Information design:
in practice, an informed theory

InformForm is an international platform for information design, which celebrates and explores both practical and theoretical experimentation within the field of design. It prides itself on showcasing relevant examples of work by students, for students. Read More

inform #2 organising information and LATCH

By InformForm

Tsinghua Students organised by gender

There are many forms of information. They exist and are generated, collected and archived in equal quantity. A designer can not ascertain the same level of understanding as an expert in a field of study (for example a neuro scientist or anthropologist). She should become familiar with diagnostic techniques and resources that can aid the process and understanding of content. This includes speaking to experts and exploring a wide range of references, both off and online.

Richard Saul Wurman coined the acronym LATCH: Location, Alphabet, Time, Category and Hierarchy. These are considered by many to be the five finite ways of organising information.

Organising information based on location is useful when comparing information from different sources but can also be understood in a geographic context.

Information organised alphabetically takes advantage of our learned ability to recognise letters in sequence, thus aiding the process of interpretation.

Time is relevant when events or things relate to each other during a particular duration. An obvious example is a calendar. A journey can also be organised according to time.

The term category is the most general and least thematic out of the five. It is a a classificatory division that can apply to a wide range of content.

Lastly hierarchy is a term regularly referred to in design and is also of importance in information organisation. It refers to concepts of big and small, less and more. It is used when values such as weight or size are being referred to.

Example 1:

In December 2011 at Tsinghua University in Beijing a workshop encouraging research through practice asked the students to explore the principles of organising information. It was also a useful ice-breaker, and a chance for everyone to get to know each other.

Using Wurman’s LATCH, the group of 33 students organised themselves according to first name, height and date of birth. They were also asked to come up with two other ways of organising themselves and photograph the results. Clear patterns emerged from this exercise. For example, there were more girls than boys in the class (contradicting China’s population statistics of more males than females). It was also observed that the majority of the students were between 160 and 170cm tall, and that the most common year of birth was 1989.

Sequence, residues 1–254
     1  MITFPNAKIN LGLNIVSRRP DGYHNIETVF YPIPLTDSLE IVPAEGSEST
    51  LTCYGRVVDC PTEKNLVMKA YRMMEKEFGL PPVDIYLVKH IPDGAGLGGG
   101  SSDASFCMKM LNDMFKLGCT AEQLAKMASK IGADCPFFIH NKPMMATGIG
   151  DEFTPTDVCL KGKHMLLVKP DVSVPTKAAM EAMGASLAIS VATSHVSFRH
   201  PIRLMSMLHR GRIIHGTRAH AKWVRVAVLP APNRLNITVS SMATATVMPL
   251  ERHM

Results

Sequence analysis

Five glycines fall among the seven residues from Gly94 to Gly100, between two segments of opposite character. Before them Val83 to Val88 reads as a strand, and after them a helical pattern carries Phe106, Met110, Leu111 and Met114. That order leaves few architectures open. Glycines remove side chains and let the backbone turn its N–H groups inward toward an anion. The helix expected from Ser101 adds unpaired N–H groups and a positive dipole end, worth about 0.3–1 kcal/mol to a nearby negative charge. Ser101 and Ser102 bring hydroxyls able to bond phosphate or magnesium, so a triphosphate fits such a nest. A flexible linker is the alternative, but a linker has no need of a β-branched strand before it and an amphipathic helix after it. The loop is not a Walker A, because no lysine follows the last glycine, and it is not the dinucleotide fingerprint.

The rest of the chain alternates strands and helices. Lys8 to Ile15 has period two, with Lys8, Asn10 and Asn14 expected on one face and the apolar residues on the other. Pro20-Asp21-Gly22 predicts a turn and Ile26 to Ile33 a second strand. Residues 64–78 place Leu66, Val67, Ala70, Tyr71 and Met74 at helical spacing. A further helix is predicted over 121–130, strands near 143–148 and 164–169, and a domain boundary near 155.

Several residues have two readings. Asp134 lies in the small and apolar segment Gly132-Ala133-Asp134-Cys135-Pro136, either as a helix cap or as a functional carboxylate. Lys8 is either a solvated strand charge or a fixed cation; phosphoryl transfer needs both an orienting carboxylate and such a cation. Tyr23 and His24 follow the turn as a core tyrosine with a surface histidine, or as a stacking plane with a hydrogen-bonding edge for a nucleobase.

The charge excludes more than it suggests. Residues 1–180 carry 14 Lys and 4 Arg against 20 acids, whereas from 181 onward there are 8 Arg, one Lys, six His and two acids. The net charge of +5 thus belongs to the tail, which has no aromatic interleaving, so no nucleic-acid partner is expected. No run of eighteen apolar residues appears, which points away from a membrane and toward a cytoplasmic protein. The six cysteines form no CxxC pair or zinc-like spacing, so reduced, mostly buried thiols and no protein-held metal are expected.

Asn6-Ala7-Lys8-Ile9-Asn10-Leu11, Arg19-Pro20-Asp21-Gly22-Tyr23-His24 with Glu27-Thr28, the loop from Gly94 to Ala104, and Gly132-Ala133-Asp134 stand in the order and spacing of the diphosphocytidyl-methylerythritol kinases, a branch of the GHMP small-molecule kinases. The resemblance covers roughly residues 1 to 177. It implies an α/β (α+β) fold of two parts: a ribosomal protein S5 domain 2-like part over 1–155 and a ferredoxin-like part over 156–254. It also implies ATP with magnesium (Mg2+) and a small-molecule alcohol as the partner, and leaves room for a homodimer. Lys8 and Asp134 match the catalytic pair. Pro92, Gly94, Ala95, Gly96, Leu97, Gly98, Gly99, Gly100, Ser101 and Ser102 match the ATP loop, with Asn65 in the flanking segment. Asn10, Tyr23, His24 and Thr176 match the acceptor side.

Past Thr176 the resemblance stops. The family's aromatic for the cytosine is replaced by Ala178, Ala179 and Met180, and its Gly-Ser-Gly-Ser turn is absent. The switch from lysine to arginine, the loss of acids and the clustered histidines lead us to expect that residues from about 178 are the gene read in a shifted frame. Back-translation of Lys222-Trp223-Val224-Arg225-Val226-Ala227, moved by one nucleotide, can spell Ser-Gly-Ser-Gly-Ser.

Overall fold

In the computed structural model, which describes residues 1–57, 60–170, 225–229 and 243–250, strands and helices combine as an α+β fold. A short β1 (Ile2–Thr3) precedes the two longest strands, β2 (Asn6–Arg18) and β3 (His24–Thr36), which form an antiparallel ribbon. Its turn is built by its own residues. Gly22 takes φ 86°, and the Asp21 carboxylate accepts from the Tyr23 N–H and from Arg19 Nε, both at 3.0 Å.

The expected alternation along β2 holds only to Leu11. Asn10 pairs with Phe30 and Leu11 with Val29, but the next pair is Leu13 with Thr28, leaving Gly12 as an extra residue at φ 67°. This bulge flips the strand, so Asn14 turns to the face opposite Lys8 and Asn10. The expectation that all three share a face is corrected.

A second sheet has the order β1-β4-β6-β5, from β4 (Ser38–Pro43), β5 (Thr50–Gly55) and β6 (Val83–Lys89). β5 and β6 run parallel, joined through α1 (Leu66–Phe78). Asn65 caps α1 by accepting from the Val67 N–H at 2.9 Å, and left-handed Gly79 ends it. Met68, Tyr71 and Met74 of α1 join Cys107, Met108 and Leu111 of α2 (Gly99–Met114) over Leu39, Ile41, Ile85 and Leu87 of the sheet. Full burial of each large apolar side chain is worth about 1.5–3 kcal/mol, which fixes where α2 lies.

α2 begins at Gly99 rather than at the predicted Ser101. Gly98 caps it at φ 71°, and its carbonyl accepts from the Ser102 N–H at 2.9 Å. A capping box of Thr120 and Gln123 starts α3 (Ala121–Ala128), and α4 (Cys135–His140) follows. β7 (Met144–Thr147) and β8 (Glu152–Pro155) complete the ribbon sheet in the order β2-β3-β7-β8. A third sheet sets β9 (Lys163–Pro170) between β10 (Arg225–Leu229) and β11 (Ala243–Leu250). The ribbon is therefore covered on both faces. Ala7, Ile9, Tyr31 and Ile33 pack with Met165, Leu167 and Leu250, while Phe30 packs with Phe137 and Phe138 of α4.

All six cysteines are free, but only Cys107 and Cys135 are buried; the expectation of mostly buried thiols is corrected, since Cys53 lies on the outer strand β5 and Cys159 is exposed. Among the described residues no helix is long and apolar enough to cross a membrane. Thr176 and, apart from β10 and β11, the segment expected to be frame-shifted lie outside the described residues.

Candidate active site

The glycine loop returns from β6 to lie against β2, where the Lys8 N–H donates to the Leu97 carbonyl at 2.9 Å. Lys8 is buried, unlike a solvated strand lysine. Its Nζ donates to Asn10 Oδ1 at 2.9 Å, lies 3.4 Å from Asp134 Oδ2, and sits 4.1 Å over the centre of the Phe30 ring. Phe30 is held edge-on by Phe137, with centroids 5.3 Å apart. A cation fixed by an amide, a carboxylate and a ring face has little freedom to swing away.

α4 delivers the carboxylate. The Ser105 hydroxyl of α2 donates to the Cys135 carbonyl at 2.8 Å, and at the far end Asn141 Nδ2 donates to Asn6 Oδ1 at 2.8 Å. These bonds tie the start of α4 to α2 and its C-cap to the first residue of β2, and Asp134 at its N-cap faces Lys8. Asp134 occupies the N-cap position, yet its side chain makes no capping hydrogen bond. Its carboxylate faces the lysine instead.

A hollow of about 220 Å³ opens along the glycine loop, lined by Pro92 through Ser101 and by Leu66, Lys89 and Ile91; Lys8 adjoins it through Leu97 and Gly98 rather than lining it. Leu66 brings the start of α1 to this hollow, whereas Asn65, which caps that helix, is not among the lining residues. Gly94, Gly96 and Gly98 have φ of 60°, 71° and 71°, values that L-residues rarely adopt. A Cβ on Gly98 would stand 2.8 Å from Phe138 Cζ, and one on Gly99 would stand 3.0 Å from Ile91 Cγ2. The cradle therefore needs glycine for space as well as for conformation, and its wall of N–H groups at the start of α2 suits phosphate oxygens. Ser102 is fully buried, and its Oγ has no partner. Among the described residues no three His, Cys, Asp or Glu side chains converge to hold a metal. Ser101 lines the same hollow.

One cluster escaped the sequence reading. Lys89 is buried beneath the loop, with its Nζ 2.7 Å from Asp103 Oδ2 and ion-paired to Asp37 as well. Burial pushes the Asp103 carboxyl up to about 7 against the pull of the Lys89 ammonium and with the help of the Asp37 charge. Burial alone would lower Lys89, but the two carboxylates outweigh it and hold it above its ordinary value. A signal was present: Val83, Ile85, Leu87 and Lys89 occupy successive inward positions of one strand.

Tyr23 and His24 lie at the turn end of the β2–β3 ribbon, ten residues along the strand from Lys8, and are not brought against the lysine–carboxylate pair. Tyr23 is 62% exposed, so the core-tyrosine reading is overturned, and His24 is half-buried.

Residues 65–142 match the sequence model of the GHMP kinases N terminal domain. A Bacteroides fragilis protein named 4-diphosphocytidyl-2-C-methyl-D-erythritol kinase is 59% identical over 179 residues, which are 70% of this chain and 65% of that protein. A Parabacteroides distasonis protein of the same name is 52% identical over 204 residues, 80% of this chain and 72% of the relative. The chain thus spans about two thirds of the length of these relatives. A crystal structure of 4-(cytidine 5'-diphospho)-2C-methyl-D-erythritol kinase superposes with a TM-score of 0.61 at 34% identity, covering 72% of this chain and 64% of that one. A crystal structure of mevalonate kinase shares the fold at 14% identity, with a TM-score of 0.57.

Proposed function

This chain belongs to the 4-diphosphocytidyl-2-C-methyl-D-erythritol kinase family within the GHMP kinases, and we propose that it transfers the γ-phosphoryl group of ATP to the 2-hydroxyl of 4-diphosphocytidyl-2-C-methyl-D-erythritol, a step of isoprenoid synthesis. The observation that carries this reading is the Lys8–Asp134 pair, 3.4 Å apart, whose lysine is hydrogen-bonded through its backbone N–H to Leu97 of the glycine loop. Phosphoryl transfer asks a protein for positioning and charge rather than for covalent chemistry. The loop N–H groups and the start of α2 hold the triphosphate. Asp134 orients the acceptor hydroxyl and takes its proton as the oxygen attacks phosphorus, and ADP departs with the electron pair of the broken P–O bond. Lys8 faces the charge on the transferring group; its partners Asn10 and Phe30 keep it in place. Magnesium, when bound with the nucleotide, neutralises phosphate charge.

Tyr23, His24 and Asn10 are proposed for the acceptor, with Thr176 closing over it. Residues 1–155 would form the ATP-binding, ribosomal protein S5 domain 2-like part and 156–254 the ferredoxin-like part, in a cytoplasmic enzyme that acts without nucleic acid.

Even though the below exercise used simple categories of organisation it highlights the strength of simplicity in information design. Using multiple vantage points and complex data sets can dilute the strength of a visual display and thus the reader’s understanding. The chosen method of organisation should relate clearly and succinctly to the idea, the context and audience.

Tsinghua University students organised by height (cm)


Tsinghua University students organised by date of birth:


Example 2:

The result of a one day workshop by Catalogtree with year 2 Graphic Design students from Ravensbourne. In this workshop students were asked to re-organise all 40 members of the group by directly observable references or by invisible qualities. The aim to gain new insights, uncover hidden relations and show unexpected perspectives on the people they know very well.

Working on a scale 1:1 and using coloured adhesive tape, the teams designed overlapping playing fields on which all 40 participants could be placed according to the parameters defined. The result was seven different brightly coloured, life-sized, life-filled maps.


Scale 1:1 from Rave Graphic Design on Vimeo.

Recommended Texts:
Information Anxiety by Richard Saul Wurman (1990)
Information Graphics by Sandra Rendgen (2012)

Originally published in InformForm #1

Posted in Articles
January 10, 2015
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